The Inquirer reports that U Penn “took the unusual step of” holding discussions about the ethics of “psychiatric implants. Joining the principle investigator, psychiatrist Steven Siegel, was and one of Penn’s senior fellows at the Center for Bioethics, Paul Root Wolpe, PhD, who is Director of Psychiatry and Ethics at the School of Medicine. Given that bioethicists are not free of financial conflicts of interest, having close ties to the biotech / drug industry, the unacknowledged purpose of such discussions is, no doubt, to pave the way for legitimizing “drug implant” technology “by consensus”–a favorite method for pushing through dubious public policies.

In his recent book, Science in the Private Interest (Rowman & Littlefield) Professor Sheldon Krimsky describes how the ethos of commercialism and the lure of profits has corrupted biomedical research and changed the social role of the university. Although he does not single out bioethicists, who have an unacknowledged function on industry and government advisory boards, which is to give their seal of approval for new biomedical technological products and procedures.

The difference between bioethicists who claim to serve the public interest, and biotech company employees is that the employees’ allegiance is known to all. Unlike university-affiliated bioethicists who serve on corporate advisory boards, company employees don’t pretend to serve other than company interests.



Sun, Sep. 28, 2003

A promising new treatment, and a need to set the rules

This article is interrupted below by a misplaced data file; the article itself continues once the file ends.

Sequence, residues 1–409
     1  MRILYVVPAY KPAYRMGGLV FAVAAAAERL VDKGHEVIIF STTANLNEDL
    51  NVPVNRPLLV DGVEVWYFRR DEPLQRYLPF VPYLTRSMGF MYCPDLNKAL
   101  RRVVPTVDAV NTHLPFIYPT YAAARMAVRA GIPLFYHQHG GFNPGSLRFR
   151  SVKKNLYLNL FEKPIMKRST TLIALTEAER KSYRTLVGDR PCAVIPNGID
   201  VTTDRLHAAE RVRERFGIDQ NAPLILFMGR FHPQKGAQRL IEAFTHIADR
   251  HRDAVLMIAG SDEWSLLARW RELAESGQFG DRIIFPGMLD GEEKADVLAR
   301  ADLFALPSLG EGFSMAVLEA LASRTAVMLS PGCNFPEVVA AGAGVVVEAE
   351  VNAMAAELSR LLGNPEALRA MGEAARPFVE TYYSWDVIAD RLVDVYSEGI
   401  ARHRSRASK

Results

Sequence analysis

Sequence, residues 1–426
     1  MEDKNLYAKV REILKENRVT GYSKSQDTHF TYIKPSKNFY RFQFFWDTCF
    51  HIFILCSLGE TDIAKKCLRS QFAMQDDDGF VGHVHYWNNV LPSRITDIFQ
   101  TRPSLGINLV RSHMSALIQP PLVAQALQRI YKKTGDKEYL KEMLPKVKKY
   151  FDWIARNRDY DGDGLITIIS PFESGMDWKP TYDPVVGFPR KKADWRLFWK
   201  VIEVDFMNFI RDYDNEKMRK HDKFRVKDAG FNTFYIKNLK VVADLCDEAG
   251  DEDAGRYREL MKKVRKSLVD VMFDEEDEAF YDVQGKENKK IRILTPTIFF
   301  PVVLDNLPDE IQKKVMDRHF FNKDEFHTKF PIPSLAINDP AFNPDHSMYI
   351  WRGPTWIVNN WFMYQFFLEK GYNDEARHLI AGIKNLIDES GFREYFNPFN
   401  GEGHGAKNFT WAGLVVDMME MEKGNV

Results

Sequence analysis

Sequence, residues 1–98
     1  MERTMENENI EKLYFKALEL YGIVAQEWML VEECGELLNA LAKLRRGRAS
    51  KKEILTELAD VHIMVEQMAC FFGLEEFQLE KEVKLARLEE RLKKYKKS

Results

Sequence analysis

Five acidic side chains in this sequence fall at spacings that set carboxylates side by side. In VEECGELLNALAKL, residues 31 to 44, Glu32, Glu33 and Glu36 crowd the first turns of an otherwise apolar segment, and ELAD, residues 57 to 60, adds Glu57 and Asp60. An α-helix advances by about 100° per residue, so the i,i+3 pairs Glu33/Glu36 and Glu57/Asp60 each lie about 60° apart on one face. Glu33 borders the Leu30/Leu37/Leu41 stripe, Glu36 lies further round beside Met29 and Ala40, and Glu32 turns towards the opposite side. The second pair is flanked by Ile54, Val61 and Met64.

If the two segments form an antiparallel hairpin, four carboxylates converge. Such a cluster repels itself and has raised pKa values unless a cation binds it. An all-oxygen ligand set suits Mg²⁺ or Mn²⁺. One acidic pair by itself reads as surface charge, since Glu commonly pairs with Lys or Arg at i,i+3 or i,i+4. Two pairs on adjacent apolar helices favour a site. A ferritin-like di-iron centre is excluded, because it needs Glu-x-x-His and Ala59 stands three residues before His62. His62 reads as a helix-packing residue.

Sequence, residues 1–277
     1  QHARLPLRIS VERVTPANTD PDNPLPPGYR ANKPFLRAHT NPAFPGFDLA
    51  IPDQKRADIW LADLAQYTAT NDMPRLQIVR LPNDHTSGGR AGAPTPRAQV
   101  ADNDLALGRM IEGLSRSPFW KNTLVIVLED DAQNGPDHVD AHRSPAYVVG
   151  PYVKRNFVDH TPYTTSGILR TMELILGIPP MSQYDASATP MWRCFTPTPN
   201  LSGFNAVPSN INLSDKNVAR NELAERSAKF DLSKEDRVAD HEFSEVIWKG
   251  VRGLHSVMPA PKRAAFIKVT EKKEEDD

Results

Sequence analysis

Stacey Burling
covers mental health for The Inquirer’s science and health desk.

Do a Google search on the words implant and mind control and you’ll get about 100,000 hits, a virtual primer on conspiracy theories and science-fiction nightmares.

So it’s no surprise that when the University of Pennsylvania announced that one of its scientists was perfecting an implant that could provide a year’s worth of medication for people with severe mental illness, it was met in some quarters with distrust.

David Oaks, executive director of Support Coalition International, which questions the dominant view that mental illnesses are biological at base, for example, calls the device “inherently coercive.”

Aware of the concerns, the university took the unusual step last week of inviting representatives of consumer-advocacy groups to a symposium on the ethical implications of the implants well before they are ready for marketing.

Paul Root Wolpe, a Penn ethicist who took part in the meeting, said he saw it as an opportunity for disparate groups to help set the ground rules for how a promising new treatment would be used.

“If we agree that this technology has a potential for misuse, and I really think it does, we can build coalitions to prevent that,” he said.